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The experience of looking at The Sick Rose, which is a good-curated print display of pictures that are accessible on the Wellcome Images site, raises questions about historical medical pictures, and when and in what media it is proper to see them. It's one thing to take a beautifully bound book apart into a silent armchair and have a one on one encounter with all with a dignified man with a bulbous, untreated pendant tumor, or the face of an infant wizened by tertiary syphilis. It's another to see exactly the same faces flit by on Pinterest, Tumblr, or Twitter, in a jumble of other unrelated images and detached from the context of Barnett -providing scholarship.
Afflictions, most of which are now rare in the Western world organize the Sick Rose: cholera, gout, tuberculosis, advanced phases of syphilis. Online, the patients' anguish runs the risk of being seen as classic"---almost amusing in its terrible extremity and its distance from our own time. In a blog post about the method of assembling and later promoting The Sick Rose, Barnett acknowledged to a sense of unease" about sending the images off into the whole world, worrying concerning the kitsch, understanding, and emptily ironized attitude" that could greet the images. (When Wired ran a slideshow of photographs from Sick Rose in May, for example, it was headlined Awesomely Gross Medical Illustrations From the 19th Century") Over Skype, Barnett told me: These are all images of something that occurred to someone somewhere. They're not envisioned."
As historical medical pictures go archivists, scholars and digital are being forced to consider the advantages of disseminating the fascinating and undoubtedly important record of the development of medical practice with issues the pictures will likely be misused and misunderstood. Making the images available will almost surely cause some tone-deaf uses, lacking empathy and aspect at best---exploiting the shock value of a disfigured face or body at worst. On the flip side, digitization of the kinds of images which were once accessible only to researchers with the means to travel to archives can do plenty of good. Such visibility can raise awareness about previous wrongs, ease the families of former patients and also links between historians supply us with a brand new approach to consider our own mortality. (Because there are good arguments on both sides, and because these medical images can be upsetting to some readers, we have chosen to place the photographs we're printing with this particular post behind a digital scrim, allowing you, the reader, to decide whether to view them.)
Here's one instance that demonstrates how far such digitized photos can slip from their contexts. Art historian Suzannah Biernoff has written about the fate of a group of patient images from the Gillies Archives These are the World War I-era records of Queen Mary's Hospital, Sidcup, in the U.K., where plastic surgeon Harold Gillies headed a special component treating injuries that required maxillofacial surgery. Gillies commissioned photographers and artists to document his patients' presurgical injuries, using the pictures to plan the strategy of his team.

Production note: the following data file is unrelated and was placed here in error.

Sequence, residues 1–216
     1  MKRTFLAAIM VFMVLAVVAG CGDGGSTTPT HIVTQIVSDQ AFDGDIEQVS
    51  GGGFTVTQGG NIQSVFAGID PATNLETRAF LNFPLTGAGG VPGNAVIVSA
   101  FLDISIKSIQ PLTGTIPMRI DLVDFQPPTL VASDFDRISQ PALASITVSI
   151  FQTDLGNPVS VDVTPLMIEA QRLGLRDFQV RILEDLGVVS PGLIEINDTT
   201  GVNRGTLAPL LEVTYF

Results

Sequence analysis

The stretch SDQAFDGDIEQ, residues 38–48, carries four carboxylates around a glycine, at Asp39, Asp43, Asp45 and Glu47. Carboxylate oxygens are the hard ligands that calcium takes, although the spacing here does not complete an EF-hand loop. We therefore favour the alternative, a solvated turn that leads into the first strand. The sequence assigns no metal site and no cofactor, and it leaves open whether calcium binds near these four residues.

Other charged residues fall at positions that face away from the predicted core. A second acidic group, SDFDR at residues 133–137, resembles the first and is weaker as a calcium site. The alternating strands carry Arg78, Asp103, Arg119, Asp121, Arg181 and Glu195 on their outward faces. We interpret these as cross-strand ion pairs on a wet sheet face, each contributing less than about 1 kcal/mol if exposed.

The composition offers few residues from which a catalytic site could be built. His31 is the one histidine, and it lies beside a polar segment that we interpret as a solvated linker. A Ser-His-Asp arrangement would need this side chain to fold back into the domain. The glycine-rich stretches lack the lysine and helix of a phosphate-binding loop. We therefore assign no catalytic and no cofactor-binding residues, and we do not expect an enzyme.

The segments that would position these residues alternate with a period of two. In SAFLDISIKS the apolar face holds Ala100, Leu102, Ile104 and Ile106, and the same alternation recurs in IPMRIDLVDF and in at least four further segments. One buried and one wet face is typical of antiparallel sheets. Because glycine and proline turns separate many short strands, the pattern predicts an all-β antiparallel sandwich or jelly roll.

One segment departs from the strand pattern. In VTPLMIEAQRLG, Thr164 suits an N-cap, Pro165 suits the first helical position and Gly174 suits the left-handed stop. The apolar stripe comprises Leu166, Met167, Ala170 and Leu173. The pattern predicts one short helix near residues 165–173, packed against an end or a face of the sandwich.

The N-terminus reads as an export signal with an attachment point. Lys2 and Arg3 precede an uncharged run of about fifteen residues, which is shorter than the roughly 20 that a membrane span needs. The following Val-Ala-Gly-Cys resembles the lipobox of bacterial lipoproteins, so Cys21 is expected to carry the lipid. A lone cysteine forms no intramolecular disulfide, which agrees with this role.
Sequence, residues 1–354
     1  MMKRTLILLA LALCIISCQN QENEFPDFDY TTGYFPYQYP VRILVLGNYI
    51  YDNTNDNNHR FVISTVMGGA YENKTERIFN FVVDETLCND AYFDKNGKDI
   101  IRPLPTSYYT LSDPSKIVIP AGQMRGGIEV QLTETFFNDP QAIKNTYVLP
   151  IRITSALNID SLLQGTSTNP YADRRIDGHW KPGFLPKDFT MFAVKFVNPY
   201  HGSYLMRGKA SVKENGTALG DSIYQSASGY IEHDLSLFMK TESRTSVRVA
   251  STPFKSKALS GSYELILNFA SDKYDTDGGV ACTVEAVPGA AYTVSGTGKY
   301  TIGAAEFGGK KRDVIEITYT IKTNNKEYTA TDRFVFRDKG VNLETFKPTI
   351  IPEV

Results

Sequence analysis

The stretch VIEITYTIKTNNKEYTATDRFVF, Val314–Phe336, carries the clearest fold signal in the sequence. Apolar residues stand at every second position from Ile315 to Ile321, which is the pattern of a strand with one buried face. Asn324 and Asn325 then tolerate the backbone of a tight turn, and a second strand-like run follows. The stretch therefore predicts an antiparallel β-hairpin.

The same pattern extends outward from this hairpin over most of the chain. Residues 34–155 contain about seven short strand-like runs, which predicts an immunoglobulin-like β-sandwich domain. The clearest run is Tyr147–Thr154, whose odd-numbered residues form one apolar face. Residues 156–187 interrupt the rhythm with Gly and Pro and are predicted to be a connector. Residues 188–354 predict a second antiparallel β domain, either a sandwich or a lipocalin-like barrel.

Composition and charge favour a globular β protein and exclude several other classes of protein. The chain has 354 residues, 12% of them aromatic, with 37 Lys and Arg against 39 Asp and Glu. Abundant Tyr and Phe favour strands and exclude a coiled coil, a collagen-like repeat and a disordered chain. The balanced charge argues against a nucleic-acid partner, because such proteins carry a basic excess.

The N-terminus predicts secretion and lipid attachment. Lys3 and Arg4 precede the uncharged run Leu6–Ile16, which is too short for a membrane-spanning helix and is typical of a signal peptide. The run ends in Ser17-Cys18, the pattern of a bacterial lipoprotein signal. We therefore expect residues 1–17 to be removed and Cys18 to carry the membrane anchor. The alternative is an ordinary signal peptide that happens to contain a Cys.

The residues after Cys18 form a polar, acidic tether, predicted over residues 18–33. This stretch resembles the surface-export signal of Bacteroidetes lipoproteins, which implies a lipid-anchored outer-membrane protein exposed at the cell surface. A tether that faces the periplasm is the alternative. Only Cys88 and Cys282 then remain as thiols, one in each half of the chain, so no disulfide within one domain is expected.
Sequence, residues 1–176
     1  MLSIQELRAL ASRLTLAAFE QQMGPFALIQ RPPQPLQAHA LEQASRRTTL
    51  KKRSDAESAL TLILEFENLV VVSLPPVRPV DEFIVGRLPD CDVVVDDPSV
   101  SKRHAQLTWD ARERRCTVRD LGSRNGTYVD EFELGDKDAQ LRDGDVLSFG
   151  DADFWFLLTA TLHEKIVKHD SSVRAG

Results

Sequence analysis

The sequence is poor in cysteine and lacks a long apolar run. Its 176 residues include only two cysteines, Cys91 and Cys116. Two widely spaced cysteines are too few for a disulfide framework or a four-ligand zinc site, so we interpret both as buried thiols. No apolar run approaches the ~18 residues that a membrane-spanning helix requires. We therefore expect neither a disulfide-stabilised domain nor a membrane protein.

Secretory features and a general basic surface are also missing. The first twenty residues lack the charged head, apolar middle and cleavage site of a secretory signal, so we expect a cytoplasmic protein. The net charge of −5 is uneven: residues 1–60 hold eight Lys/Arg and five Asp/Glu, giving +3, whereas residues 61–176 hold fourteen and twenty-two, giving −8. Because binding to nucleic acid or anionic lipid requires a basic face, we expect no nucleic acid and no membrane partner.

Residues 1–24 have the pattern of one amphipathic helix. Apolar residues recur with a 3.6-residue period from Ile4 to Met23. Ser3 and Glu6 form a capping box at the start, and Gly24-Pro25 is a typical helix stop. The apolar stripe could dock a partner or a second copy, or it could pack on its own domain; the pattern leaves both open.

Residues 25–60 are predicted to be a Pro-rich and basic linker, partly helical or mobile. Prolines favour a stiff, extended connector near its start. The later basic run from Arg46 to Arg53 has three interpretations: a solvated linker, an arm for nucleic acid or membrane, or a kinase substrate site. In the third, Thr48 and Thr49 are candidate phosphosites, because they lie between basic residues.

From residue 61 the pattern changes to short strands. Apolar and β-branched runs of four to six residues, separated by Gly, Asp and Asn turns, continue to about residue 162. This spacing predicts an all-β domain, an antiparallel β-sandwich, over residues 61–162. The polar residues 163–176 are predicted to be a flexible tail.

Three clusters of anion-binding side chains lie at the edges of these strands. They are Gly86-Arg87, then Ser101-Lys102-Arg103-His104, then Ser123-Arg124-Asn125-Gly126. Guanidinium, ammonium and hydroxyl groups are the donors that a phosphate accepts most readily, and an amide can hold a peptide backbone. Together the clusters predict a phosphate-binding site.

These photographs ended up on the Web as a portion of a mid-2000s exhibition titled Project Faade (now archived via the Wayback Machine ). The project, which was funded by the Wellcome Trust's SciArt Production Award, was a collaboration among artist Paddy Hartley; Dr. Andrew Bamji, a rheumatologist who acts as curator of the Gillies Archives; and Dr. Ian Thompson, a surgeon and designer of facial implants. The art that Hartley made with inspiration from these archives afterwards formed the basis of an exhibit at the National Army Museum in London. The job, Hartley writes on his site , was intended to explore the impact of veterans' wartime injuries and subsequent facial operations on their lives.
After the exhibit had closed nevertheless, the digital images had another life. Some pictures from the Job Faade archive ended up used in the plan of the genetic mutants (splicers") that players of the videogame BioShock must battle. One of many patients in the photographs, Henry Lumley, a pilot trainee, was injured on the day of his graduation from flying school and lived with his injury for a year before being declared to Gillies' care. Lumley died of postoperative complications, at age 26. (Here's his page on the Project Faade website And here's a picture of the BioShock character in question) Lumley and his fellow patients are now compelled to wander around in virtual space, made into monsters for the entertainment of gamers.
Std test near me Lake Leelanau. Does this issue, given that many (most?) BioShock players WOn't ever understand who these guys were in real life? Biernoff writes that British culture during the World War I perceived departure in battle as glorious, but facial mutilation was seen as nearly shameful---a fate worse than death"---and pictures of soldiers injured in this manner were censored, lest they diminish morale. So if gamers never realize the characters they are seeing on screen were once actual men, it can still feel like these men, ostracized in life, are being wronged again when they're trotted out as digitized monsters. Lake Leelanau, MI, United States std test. As Wellcome Library archivist Natalie Walters pointed out in a post on the connection between BioShock as well as the Gillies Archive: That nearly 100 years later similar images are used to frighten folks in a computer game, gives us a glance into what life must have been like for people who sustained such disfiguring injuries." (She adds: How courageous these guys were to let themselves to be photographed with extensive injuries, and to undergo treatments that frequently made them seem worse before they seemed better.")